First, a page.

The increase in cloud use, along with the rise of multi-cloud and hybrid cloud (opens in new tab) strategies, also correlates with an increased investment in cloud services. In a survey of nearly 1,000 tech executives and cloud practitioners, 20 per cent of enterprises plan to increase their cloud spend by more than double, and another 17 per cent plan to up their cloud spending by 50-100 per cent, according to the report. 

75 per cent of participants said that one of their primary concerns was the challenge of managing cloud spend. Cloud cost optimisation was a priority for the majority of participants, and average cloud waste was reported at 35 per cent.

In another study from 451 Research, 38.8 per cent of CIOs said that “cost savings” was their biggest motivator in migrating to the cloud, but post migration, cloud costs was the biggest challenge they faced. Here’s what else the analyst group had to say:

“Cloud is an inexpensive and easily accessible technology. People consume more, thereby spending more, and forget to control or limit their consumption. With ease of access, inevitably some resources get orphaned with no ownership; these continue to incur costs. Some resources are overprovisioned to provide extra capacity as a ‘just in case’ solution. Unexpected line items, such as bandwidth, are consumed. The IT department has limited visibility or control of these items.”

What does ParkMyCloud user data tell us?

We’ve noticed some interesting patterns in the cloud platforms adopted by ParkMyCloud users as well, which highlight the multi-cloud trends discussed above as well as correlations between the types of companies that are attracted to each of the major public clouds. We recently took a detailed inventory of client usage and observed the following:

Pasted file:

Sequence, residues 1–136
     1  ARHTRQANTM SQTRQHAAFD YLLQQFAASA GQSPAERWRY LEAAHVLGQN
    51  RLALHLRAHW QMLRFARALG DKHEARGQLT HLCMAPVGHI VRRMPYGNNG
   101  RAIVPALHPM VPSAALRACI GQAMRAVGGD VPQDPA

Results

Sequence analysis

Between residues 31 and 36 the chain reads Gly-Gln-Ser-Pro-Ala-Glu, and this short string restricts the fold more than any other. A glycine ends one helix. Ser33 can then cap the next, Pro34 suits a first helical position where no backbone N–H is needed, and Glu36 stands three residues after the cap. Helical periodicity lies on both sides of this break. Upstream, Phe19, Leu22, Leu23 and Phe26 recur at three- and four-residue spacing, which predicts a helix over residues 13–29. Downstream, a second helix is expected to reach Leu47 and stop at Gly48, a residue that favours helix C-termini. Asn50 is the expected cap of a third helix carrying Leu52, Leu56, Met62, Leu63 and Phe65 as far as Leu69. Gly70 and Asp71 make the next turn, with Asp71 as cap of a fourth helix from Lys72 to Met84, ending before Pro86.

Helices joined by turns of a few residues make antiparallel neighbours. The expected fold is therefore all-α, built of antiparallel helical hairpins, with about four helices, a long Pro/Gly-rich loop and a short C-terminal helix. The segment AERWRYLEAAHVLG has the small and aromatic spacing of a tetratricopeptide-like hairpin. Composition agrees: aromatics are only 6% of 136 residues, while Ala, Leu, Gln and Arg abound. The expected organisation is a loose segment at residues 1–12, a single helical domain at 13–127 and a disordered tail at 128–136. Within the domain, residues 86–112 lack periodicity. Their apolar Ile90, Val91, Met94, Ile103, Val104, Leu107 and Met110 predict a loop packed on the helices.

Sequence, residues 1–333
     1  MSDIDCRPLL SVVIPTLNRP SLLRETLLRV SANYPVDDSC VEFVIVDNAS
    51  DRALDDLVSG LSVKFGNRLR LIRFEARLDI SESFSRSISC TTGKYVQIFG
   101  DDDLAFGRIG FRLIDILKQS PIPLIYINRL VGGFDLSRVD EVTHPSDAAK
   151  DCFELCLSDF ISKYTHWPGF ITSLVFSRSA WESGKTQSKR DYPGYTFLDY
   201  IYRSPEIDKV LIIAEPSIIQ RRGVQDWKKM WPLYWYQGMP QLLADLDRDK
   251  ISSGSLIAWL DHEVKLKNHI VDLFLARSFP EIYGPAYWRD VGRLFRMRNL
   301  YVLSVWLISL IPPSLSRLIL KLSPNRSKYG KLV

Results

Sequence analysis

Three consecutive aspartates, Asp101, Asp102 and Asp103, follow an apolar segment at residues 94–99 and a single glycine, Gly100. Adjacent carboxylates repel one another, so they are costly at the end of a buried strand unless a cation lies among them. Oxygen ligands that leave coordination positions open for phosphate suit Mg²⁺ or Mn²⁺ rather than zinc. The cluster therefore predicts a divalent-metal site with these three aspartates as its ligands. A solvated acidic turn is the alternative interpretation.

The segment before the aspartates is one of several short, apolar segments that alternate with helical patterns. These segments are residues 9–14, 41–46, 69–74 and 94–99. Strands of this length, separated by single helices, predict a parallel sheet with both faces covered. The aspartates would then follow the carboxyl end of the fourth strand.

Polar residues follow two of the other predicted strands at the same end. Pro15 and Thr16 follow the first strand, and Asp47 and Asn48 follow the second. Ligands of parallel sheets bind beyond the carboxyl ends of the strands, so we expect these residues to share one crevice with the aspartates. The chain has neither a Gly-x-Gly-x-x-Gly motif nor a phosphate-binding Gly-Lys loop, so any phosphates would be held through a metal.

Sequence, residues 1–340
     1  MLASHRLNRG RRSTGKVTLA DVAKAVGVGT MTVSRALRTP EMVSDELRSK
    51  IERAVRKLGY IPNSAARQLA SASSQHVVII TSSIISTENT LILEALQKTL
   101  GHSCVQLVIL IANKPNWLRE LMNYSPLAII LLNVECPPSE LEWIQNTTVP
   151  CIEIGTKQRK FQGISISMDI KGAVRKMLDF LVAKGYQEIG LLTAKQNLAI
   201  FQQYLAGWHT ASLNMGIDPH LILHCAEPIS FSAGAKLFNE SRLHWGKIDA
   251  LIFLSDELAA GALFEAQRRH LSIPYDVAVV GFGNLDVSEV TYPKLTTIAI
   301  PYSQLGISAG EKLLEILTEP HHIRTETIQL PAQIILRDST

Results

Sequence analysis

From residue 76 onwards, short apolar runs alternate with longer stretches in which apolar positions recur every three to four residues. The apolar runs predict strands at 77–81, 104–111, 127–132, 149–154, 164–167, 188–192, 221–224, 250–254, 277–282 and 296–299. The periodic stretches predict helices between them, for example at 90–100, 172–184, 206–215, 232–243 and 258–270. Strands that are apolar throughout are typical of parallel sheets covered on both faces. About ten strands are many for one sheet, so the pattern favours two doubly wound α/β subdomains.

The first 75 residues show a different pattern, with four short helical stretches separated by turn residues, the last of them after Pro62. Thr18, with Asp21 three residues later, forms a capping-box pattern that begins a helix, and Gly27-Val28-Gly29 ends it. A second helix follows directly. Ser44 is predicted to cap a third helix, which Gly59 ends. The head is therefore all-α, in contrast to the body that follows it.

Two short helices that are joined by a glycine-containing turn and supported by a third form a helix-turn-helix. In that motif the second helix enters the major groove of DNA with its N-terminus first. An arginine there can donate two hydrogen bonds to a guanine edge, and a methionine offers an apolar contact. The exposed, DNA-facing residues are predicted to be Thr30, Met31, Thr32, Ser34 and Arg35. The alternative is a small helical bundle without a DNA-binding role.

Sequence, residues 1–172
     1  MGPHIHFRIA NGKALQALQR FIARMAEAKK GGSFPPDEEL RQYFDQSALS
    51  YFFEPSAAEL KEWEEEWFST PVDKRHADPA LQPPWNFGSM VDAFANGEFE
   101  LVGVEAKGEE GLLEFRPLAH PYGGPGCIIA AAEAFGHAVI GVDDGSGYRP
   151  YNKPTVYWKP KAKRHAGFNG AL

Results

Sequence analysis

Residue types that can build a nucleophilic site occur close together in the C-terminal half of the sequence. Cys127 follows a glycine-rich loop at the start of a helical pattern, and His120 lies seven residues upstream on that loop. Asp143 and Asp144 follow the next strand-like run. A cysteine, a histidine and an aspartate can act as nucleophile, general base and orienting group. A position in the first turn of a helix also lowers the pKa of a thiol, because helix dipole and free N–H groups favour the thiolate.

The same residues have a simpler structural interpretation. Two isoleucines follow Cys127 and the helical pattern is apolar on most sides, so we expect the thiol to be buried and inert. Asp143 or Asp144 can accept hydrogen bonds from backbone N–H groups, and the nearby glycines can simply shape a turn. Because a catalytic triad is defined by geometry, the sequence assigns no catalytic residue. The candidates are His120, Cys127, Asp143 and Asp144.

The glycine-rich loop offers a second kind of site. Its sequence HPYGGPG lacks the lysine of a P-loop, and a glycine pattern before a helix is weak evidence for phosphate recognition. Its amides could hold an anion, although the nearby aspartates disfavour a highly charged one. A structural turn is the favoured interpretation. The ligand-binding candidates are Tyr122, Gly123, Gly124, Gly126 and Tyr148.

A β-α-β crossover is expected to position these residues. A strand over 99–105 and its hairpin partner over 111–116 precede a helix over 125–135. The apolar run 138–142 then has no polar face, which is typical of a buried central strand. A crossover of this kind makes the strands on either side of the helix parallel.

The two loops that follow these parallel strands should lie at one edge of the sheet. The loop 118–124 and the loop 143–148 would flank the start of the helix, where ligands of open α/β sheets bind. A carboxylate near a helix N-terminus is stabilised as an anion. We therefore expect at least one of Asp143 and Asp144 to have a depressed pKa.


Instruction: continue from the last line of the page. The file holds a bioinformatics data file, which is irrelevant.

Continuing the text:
• A high rate of growth in the number of Google Cloud Platform (GCP) customers over the past several months. While Amazon Web Services still holds the lion’s share among organisations using ParkMyCloud, the rate of growth is much higher for GCP. We believe that as more and larger organisations become enmeshed in GCP’s infrastructure, they are finding a greater need for cost optimisation.
  • Among our customers using a multi-cloud strategy, the majority use AWS in combination with Azure, while the rest are using AWS with Google Cloud Platform.
  • The company profiles of AWS and GCP users are similar – we find these to be tech-forward small/medium businesses, whereas Azure attracts a larger proportion of big enterprises.

What these statistics on cloud computing mean for cloud management 

Upon examining these statistics on cloud computing, it’s clear that multi-cloud and hybrid cloud approaches are not just the future, they’re the current state of affairs. While this offers plenty of advantages to organisations looking to benefit from different cloud capabilities, using more than one CSP complicates governance, cost optimisation, and cloud management further as native CSP tools are not multi-cloud. As cloud costs remain a primary concern, it’s crucial for organisations to stay ahead with insight into cloud usage trends to manage spend (and prevent waste). To keep costs in check for a multi-cloud or hybrid cloud environment, optimisation tools that can track usage and spend across different cloud providers are a CIO’s best friend.

Jay Chapel, CEO of ParkMyCloud (opens in new tab)
Image Credit: Everything Possible / Shutterstock

Jay Chapel is CEO of ParkMyCloud.